Margaret Cavendish: Observations upon Experimental Philosophyby Margaret Cavendish, Eileen O'Neill
Pub. Date: 11/01/2001
Publisher: Cambridge University Press
Margaret Cavendish's Observations upon Experimental Philosophy holds a unique position in early modern philosophy. Cavendish rejects the picture of nature as a grand machine that was propounded by Hobbes and Descartes; she also rejects the alternative views of nature that make reference to immaterial spirits. Instead she develops an original system of organicist materialism, and draws on the doctrines of ancient Stoicism to attack the tenets of seventeenth-century mechanical philosophy. Her treatise is a document of major importance in the history of women's contributions to philosophy and science.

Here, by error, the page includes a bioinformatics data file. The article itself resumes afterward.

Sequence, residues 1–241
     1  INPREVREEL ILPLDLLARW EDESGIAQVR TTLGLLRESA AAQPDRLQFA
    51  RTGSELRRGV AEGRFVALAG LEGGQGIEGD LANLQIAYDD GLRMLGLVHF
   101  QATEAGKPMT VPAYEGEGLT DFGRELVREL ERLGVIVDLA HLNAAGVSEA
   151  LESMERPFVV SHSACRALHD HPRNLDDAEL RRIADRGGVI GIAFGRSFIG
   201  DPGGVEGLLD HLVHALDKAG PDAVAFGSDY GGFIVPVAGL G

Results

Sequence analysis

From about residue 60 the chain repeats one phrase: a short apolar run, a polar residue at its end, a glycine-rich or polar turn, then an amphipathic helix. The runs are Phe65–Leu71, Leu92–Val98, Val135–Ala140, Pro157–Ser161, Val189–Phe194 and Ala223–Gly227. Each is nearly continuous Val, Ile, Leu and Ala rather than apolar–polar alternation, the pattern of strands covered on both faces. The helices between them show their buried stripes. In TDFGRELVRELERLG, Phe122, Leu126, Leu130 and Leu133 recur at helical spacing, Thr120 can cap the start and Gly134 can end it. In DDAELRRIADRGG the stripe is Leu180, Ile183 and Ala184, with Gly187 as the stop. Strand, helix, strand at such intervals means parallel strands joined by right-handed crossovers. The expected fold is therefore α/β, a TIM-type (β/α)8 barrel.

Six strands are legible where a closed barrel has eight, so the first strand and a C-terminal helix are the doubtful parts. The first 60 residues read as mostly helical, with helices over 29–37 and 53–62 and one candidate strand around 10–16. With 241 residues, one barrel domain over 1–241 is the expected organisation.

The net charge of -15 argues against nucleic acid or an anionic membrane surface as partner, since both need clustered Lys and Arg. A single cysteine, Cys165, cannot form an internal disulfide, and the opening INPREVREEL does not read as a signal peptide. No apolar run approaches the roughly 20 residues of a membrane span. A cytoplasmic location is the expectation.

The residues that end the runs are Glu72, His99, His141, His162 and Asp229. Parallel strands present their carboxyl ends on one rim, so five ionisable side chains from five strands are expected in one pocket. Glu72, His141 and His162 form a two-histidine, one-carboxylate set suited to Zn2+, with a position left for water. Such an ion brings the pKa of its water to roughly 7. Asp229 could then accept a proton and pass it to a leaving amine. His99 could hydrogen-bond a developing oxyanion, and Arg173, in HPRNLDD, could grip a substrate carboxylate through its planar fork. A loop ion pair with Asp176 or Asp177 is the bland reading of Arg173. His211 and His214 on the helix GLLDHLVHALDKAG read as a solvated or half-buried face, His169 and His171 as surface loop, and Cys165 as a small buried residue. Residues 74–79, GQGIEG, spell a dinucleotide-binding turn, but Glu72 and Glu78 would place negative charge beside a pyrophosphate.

- Cambridge University Press
- Publication date:
- Cambridge Texts in the History of Philosophy Series
- Product dimensions:
- 5.98(w) x 8.98(h) x 0.83(d)
- 1250L (what's this?)
Table of ContentsAn argumental discourse; The table of all the principal subjects; Observations upon experimental philosophy; Further observations upon experimental philosophy; Observations upon the opinions of some ancient philosophers.
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